Statements from Dennis Durkin, the COO of Microsoft's (
) Xbox division, imply that the Xbox Live online gaming service
generated over $1 billion of revenue in the year ending on June 30.
About half of that came from subscription fees - around half of the
25 million users of Live pay a fee of about $50 per year to compete
The other half, said Durkin, came from selling movies, TV shows and
new content for games, a segment which for the first time exceeded
the revenue from subscriptions.
That revelation is a landmark for Microsoft and online gaming in
general, as the Redmond, Washington-based company barely breaks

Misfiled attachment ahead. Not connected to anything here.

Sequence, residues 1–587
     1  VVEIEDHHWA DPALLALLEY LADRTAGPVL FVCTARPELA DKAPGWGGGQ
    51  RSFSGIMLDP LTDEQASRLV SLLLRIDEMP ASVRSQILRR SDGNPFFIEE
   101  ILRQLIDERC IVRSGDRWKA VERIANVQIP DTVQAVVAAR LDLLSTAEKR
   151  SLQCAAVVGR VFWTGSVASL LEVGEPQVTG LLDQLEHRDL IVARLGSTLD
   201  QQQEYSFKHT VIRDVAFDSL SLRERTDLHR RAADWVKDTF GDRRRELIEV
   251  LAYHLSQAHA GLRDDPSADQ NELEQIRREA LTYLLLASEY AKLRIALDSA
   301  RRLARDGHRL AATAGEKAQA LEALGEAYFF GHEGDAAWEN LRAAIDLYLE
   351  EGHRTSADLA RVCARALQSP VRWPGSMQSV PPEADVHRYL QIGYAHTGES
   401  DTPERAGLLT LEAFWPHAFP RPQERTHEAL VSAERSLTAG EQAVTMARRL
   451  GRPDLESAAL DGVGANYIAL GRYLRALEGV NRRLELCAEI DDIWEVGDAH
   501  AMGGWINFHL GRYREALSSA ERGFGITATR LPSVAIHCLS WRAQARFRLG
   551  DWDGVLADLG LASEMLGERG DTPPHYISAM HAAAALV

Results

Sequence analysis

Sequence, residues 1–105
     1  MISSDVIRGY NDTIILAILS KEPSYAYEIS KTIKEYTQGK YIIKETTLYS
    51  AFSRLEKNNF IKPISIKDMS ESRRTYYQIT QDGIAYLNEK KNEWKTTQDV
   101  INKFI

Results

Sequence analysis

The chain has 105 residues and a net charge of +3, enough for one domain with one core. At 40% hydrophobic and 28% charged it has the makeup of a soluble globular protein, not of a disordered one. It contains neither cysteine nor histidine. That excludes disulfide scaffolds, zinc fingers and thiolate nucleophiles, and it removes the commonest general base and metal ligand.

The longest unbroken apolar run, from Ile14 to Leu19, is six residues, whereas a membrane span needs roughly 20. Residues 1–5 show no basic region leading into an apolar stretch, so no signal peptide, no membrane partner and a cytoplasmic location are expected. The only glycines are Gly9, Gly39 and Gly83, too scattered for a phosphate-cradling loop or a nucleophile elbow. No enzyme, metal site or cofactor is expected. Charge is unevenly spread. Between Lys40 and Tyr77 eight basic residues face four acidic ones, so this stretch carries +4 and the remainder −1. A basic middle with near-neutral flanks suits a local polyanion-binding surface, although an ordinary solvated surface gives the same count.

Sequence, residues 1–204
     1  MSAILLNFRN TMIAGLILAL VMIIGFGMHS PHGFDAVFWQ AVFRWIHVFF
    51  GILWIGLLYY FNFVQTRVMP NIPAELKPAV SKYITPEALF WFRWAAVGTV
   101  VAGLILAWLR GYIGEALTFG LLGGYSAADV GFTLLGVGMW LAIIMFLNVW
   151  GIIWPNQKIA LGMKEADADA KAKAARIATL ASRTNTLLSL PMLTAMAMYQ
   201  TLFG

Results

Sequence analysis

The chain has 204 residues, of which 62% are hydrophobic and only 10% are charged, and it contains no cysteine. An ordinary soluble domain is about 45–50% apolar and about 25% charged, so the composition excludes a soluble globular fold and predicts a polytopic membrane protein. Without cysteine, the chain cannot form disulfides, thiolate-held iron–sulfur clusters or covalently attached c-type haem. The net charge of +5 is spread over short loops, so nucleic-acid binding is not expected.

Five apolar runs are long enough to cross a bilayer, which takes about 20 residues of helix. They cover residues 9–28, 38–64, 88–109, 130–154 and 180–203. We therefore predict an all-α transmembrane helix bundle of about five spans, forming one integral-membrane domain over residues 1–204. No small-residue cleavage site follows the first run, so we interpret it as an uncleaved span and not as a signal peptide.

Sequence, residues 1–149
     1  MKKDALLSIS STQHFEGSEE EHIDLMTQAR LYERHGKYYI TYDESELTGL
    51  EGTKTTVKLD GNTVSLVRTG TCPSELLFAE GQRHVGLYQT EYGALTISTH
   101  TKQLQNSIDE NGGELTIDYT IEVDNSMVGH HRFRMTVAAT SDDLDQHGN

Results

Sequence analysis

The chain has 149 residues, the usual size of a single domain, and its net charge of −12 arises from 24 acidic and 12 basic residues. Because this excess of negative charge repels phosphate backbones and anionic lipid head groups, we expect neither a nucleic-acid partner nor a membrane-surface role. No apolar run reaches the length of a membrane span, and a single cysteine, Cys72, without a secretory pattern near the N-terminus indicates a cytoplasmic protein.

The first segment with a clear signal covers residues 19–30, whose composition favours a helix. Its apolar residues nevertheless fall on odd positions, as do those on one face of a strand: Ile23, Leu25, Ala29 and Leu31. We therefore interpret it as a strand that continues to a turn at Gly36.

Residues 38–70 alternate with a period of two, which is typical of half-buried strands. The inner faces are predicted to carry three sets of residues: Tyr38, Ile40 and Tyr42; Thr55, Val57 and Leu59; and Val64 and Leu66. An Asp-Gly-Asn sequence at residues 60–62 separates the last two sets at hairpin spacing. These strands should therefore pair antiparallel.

even on sales of its console. Instead, it makes the money back on
licensing fees, online gaming and streaming or downloaded content.
Gaming is the only sector of the consumer entertainment market
where Microsoft has been able to make a big impact - its Zune
portable media player failed to gain market share, while the
Windows Mobile OS holds less than 10 percent of the smartphone
Sarah Friar, a Goldman Sachs analyst, estimated that Xbox Live has
gross margins of about 65 percent, far better than the margins on
physical consoles. Brand loyalty and social networking on the
service, combined with its earlier launch, have helped the company
dominate Sony's (
) Playstation 3 in the online gaming market.